Rania Al Malky

Egypt: SCAF “Teargas” Claim An Insult to Victims

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Image credit: Reuters

On Egypt’s political stage, the tragi-comedy continues.

When two members of the Supreme Council of the Armed Forces (SCAF) in an international press conference claim, after a belated apology recognizing the martyrs of Nov. 19, that only teargas was used to disperse protesters, 41 of whom have died nationwide, you don’t know whether to laugh or cry.

The glaring video evidence to the contrary that has not only been going viral on YouTube but has been aired on every local and international TV channel shows a new and improved caliber of rifle-toting riot police in full gear aiming at stone-throwing protesters from rooftops firing birdshot or rubber bullets. Another notorious video showed an “honorable citizen” in the ranks of the central security forces carrying a soft drink bottle container filled with Molotov cocktails, which he was offering to other “honorable citizens.”

No apology will suffice to reverse the insult that such a blatantly false claim has dealt to the memory of the victims and to the hundreds who have lost eyes that were deliberately targeted, especially since the generals’ claims were not based on the results of any investigation or fact-finding commission. Quick to once more point the finger of blame on “unknown infiltrators,” the generals have betrayed an unjust bias to whatever version of the events perpetrated by the interior ministry, whose decision-makers were clearly on a payback revenge mission against any civilian who dares challenge them. And even if the 22 who were killed as a result of gunshot wounds were in fact not police victims, then doesn’t SCAF carry the political responsibility for the protection of peaceful protesters? Isn’t this exactly why ousted President Hosni Mubarak is on trial?

While the results of the “independent” investigation are almost a forgone conclusion, I wonder what the generals have to say about the brutality with which journalist Mona Eltahawy was handled on Wednesday night when she was arrested by CSF policemen and beaten so hard with sticks that her left arm and right hand were broken, not to mention the sexual harassment. Groped, prodded and assaulted, Eltahawy was also dragged by the hair and at some point blind-folded after being questioned by military intelligence in an ordeal that lasted 12 hours.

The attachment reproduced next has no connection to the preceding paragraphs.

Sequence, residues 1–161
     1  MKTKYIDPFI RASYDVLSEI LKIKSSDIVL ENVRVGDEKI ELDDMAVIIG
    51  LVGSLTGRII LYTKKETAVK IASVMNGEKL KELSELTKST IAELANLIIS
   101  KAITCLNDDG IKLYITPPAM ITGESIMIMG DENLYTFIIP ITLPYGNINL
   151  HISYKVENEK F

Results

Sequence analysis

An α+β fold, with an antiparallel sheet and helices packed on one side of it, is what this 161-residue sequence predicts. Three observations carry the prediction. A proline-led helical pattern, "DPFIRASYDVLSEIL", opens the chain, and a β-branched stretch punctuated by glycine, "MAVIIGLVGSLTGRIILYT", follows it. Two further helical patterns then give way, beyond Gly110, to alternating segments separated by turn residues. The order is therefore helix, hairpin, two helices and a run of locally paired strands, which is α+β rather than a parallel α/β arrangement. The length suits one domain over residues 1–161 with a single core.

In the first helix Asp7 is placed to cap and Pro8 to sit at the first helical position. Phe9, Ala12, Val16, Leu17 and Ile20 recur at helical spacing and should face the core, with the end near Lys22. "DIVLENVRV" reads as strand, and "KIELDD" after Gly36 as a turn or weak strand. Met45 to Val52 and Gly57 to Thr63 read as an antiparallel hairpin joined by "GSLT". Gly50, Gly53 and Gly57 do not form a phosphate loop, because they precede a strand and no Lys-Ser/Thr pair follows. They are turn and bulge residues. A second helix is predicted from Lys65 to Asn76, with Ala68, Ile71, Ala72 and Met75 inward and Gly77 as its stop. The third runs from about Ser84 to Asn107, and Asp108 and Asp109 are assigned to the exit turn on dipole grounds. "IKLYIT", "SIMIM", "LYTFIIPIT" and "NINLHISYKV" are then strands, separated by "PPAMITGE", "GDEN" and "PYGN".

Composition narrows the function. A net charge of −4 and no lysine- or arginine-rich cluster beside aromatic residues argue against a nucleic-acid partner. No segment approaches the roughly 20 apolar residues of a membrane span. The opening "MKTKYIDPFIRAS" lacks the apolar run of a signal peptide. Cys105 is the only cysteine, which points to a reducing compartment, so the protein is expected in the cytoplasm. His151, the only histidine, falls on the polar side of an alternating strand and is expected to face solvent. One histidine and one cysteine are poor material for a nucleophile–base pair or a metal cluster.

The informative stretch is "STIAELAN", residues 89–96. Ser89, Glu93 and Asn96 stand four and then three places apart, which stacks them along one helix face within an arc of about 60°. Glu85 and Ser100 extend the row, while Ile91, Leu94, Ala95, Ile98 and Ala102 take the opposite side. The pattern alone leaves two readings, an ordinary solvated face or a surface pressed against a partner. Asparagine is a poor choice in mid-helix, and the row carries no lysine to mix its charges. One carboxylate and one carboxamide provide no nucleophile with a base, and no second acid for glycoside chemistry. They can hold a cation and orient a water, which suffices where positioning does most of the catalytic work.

No sooner was Eltahawy released and quickly after the “supreme council” issued a statement encouraging “honorable citizens” to exercise the kind of vigilantism that has put many in similar situations over the past 10 months, another case of sexual assault took place in Tahrir, this time aimed against Caroline Sinz, a journalist with French TV channel France 3.

According to an interview she gave Agence France-Presse, Sinz and her cameraman were dragged towards Tahrir from the flashpoint Mohamed Mahmoud Street by a group of teenagers and adults.

“We were then assaulted by a crowd of men. I was beaten by a group of youngsters and adults who tore my clothes,” she told AFP, adding that she was then molested in a way that “would be considered rape.”

The ordeal lasted 45 minutes before she was rescued by a group of Egyptians.

It’s unlikely that any serious inquiry will be made into the hundreds of crimes committed in Egypt over the past week, why should we expect it if ten months on not a single officer implicated in the killing of protesters during the January uprising has been convicted for any crime. In fact most are not even detained pending investigations and have been set loose despite reports that they are intimidating the families of the victims, sometimes even forcing them to withdraw their lawsuits.

Despite popular belief, the current escalation has nothing to do with the advent of legislative elections. Those subscribing to the theory that the flare-up was contrived to abort the democratic process overlook the fact that the Tahrir clashes were triggered by the excessive violence exercised by police against a small group of peaceful protesters. It was the straw that broke the camel’s back. The frustration building up over the past months against SCAF’s lack of commitment to fundamental change that matches the aspirations of the people and whose first manifestation should have been a complete turnaround in how security treats the Egyptian citizen.

While it’s hard to imagine how the election process will be secured in Cairo’s Downtown area, it’s important that the process begin because this is the only way to guarantee that SCAF will not contrive any more excuses to stay in power and to make sure that the June deadline for presidential elections is not postponed.

SCAF’s chosen “revolutionary” Prime Minister, former PM Kamal El-Ganzoury now in his late 70s, is another slap in the face to those calling for real reform and can lead to more escalations if he doesn’t make a drastic decision in his first week in office, a decision that proves beyond a doubt that he is not being puppeteered by SCAF.

Once more Egypt’s future is on the line, but this time, the chant is: “The people and the people are one hand.”

As Eltahawy said, “There’s no other option, they’ve broken my hand.”

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